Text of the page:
The Caribbean: Banana Producers at Risk

Queen Elizabeth admires Jamaican bananas
British Queen Elizabeth II admires bananas at a museum in Montego Bay, Jamaica, Feb. 20, 2002 (Photo: The Sun/AFP).

Ripples from the furious battle for control of the United Kingdom’s fourth-largest food retailer, Safeway, have washed hard against the shores of the eastern Caribbean. Safeway’s change in ownership poses a new threat to demand from an important overseas market for bananas, the critical agricultural export of Dominica, St. Vincent, Grenada, and other nations in the region. As the faceoff between Wal-Mart’s U.K. subsidiary Asda, leading U.K. food retailers Tesco and Sainsbury, and three other prospective bidders for Safeway unfolded this winter, commentators in the Caribbean press were monitoring a growing number of warning signs that the region’s dependence on banana exports and the inadequacy of efforts to forge a regional trade bloc have left Caribbean economies dangerously exposed to external shocks and market pressures.

The immediate risk to regional producers in the ownership battle for Safeway was that control of the group would end up in American hands—specifically the U.S. retail giant Wal-Mart. This would open the door to a prospective shift in Safeway banana orders away from its traditional eastern Caribbean suppliers, likely toward the Latin American or African sources preferred by many U.S. retailers.

As columnist Ivan Martinez observed in The Jamaica Observer (Feb. 3), Caribbean economies’ traditional dependence on bananas and other staple agricultural commodities underscores the need for export diversification and regional cooperation in trade negotiations with both European and North American partners. “Individual CARICOM [Caribbean common market] countries cannot survive, advance, or develop socially and economically their societies if they act a globalized world,” Martinez wrote. “It is the time to...advance projects aimed to achieve a decisive pooling of all the Caribbean resources [and] advance a strong functional cooperation as the first step to the future United States of the Caribbean.”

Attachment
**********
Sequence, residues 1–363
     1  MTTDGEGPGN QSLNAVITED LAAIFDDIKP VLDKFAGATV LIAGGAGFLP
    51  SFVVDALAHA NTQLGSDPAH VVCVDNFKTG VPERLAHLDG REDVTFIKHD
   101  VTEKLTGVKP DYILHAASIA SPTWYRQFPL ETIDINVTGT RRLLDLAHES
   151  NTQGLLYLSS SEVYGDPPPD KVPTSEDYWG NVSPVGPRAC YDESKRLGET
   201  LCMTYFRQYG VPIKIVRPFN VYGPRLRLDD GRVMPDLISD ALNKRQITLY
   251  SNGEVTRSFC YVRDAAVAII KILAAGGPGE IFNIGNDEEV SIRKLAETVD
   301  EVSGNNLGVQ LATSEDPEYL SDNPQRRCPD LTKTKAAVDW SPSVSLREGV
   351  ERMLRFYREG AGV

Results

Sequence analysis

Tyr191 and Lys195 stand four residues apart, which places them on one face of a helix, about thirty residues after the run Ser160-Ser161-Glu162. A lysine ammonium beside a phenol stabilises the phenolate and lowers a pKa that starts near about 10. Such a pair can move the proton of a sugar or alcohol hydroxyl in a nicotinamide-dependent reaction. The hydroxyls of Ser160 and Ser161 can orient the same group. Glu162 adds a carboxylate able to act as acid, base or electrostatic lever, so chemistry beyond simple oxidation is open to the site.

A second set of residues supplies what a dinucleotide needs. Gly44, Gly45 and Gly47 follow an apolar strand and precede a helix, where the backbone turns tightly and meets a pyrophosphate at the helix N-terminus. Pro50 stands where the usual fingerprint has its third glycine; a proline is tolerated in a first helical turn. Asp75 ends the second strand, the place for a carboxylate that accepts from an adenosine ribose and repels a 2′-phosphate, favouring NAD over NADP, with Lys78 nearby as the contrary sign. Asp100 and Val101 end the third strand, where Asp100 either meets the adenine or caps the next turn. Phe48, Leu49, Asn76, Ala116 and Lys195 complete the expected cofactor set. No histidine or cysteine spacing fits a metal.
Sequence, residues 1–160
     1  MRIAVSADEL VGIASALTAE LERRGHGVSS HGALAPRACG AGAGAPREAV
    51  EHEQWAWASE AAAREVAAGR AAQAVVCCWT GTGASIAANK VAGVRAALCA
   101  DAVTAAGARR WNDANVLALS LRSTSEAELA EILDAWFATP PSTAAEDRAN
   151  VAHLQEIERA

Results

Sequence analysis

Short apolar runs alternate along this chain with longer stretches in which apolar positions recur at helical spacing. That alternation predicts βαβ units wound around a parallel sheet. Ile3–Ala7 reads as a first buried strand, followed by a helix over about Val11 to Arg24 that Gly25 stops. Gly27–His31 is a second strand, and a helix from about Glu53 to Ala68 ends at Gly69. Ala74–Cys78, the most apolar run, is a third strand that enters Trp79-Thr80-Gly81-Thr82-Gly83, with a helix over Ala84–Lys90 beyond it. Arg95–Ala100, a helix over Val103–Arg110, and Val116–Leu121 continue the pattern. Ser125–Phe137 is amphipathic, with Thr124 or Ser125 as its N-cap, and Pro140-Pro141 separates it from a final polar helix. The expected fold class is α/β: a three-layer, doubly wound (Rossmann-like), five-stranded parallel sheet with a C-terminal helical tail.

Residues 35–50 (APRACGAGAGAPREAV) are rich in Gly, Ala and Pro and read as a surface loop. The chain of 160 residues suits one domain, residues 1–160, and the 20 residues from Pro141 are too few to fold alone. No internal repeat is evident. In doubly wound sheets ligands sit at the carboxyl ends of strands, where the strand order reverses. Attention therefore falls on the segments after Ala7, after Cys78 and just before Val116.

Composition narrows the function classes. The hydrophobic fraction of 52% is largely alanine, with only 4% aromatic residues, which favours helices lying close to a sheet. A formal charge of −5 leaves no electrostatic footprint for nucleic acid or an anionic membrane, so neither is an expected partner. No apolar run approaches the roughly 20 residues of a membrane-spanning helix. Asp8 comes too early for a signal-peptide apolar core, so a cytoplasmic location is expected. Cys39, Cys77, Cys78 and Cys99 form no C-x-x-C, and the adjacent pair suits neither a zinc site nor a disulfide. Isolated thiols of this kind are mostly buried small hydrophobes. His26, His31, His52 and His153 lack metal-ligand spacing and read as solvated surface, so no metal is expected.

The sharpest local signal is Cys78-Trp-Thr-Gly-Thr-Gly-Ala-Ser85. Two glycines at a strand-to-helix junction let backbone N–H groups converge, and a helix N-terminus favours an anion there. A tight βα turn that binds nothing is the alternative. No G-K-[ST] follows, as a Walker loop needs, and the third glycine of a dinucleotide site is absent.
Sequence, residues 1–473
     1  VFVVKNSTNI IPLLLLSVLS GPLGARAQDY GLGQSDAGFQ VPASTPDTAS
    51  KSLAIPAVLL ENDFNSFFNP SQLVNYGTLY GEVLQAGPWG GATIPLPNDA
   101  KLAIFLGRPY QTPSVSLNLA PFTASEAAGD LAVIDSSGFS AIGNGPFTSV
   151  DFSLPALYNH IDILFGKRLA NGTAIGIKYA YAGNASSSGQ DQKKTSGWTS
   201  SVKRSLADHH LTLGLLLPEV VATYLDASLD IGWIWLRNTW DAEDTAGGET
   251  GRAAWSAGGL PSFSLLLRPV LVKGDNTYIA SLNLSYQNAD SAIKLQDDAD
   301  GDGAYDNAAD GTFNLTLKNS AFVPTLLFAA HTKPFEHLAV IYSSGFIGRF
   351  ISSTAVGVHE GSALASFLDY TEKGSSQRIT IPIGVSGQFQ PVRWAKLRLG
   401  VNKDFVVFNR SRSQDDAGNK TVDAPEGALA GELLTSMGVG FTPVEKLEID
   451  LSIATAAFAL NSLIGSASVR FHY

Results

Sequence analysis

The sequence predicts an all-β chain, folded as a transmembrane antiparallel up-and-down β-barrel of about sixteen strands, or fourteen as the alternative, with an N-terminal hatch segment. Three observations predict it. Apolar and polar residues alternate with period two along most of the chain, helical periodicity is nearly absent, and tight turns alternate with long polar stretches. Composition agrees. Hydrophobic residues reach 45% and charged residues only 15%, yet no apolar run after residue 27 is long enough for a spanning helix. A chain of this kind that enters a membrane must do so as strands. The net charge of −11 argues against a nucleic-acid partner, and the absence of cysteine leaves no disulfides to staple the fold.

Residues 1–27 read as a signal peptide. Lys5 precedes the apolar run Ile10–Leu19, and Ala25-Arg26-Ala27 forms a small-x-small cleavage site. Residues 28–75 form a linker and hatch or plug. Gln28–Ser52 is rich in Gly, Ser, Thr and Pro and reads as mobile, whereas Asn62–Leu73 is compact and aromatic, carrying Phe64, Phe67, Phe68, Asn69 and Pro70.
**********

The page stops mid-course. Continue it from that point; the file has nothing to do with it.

The urgency of diversification was further underscored with the release in January of a sobering study by Belgian plant pathologist Emile Frison, who warned that two strains of fungal disease currently spreading in Asia, Africa, and the Americas pose an imminent threat to the survival of the dominant commercial banana variety, the Cavendish banana.

The Star (Feb. 12) of St. Lucia reported that the U.N. Food and Agriculture Organization (FAO) views greater genetic diversification in commercially grown and marketed bananas as critical to long-term survival. Noting that commercial dependence on the single Cavendish genotype makes the industry’s vulnerability “inevitable,” The Star cited an FAO warning that spread of fungal diseases would have especially serious economic consequences in the Caribbean, “where banana is a major...source of employment.”

Gordon Moreau cautioned in Dominica’s The Chronicle (Jan. 17) that the island cannot afford to maintain a banana industry if depressed prices and falling demand make it impossible to produce profitably. “Should we continue to subsidize it?...I firmly believe that we cannot afford it, and all the signals are that no country on Earth is willing to continue to pay for such subsidies on our behalf,” Moreau said.